Religious freedom?

Religious freedom?

: Well, it’s not just France that’s doing dumb things like banning religous clothing. Germany’s banning headscarves.

  • chuck

    Yes,
    as if *that* will solve their problems. As if banning hate speech and the “wrong” books will solve their problems. Without free speech and expression these things can not be worked out peacefully in the public forum. That is why Justice Holmes so often came down on the side of free speech: he knew that that when people lose their voice, they will eventually fight. His experience of the awfulness war convinced him that it was well worth the toleration of even bizarre opinion to avoid it.

  • http://www.oliviertravers.com/ Olivier Travers

    I’m all for religious freedom and freedom of speech, and I’m certainly aggravated by those “thought crimes” invented by German and French lawmakers, but Americans would be a little more credible in their pontifications on those subjects if they acknowledged a little more the right *not* to believe in god. Get rid of your constant references to religion in political and public life, then you can get back to us Europeans with lessons about freedom.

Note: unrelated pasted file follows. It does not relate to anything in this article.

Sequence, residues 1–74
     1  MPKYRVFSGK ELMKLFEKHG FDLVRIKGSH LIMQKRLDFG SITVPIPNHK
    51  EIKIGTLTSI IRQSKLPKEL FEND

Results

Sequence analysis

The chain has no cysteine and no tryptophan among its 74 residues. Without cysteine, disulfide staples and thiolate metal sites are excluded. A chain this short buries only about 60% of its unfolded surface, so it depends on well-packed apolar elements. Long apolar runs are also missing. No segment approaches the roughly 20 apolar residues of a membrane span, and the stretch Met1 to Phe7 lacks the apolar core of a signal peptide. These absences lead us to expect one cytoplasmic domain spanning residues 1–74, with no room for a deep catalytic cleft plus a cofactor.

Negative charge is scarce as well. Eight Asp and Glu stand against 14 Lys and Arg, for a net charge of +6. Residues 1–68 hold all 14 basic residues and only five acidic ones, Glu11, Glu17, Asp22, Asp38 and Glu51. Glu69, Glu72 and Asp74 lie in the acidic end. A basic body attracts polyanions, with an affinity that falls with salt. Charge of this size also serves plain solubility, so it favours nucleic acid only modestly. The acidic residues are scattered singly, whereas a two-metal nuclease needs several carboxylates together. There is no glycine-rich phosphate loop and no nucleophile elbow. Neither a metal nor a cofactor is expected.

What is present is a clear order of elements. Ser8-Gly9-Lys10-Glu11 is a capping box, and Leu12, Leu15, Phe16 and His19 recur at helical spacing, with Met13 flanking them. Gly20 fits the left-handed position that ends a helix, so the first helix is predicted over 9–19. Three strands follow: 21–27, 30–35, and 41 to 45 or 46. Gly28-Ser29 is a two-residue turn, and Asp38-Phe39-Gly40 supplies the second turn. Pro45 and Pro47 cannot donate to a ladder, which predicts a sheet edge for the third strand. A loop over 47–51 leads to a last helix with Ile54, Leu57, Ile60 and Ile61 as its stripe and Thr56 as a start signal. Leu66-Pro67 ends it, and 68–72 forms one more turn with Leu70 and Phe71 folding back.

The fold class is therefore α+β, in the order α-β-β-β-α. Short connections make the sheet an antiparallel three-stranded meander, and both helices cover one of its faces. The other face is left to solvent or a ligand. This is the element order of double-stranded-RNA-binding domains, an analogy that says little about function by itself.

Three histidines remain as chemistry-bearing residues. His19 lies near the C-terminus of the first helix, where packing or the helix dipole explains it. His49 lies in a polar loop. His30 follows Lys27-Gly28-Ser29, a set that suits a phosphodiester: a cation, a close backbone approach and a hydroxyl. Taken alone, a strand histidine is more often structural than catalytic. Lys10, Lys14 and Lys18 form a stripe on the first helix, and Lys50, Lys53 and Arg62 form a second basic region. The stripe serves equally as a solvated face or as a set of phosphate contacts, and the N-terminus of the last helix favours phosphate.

• http://www.buzzmachine.com Jeff Jarvis

    Olivier: You clearly are free NOT to wear a headscarf or kibbeh or cross. But what of those who do? They are not allowed to? That is not freedom of religion. That is the imposition of secularity. We Americans left Europe precisely so we could have the freedom to practice — or not practice — religion without government interference. The mixing of government and religion is always dangerous. Aren’t we learning that lesson all too clearly right now?

  • Sarah Brabazon-Biggar

    Oliver Travers wrote:

    Get rid of your constant references to religion in political and public life, then you can get back to us Europeans with lessons about freedom.

    Oh yeah, let’s all wear bland, noncommittal, nonsectarian masks in public to avoid offending anyone.
    I hate to break it to you, but freedom entails putting up with everyone else’s freedom. Just because you’re free to be an atheist doesn’t mean you have a right to be free from other people’s religiousness. And vice versa.

  • Andy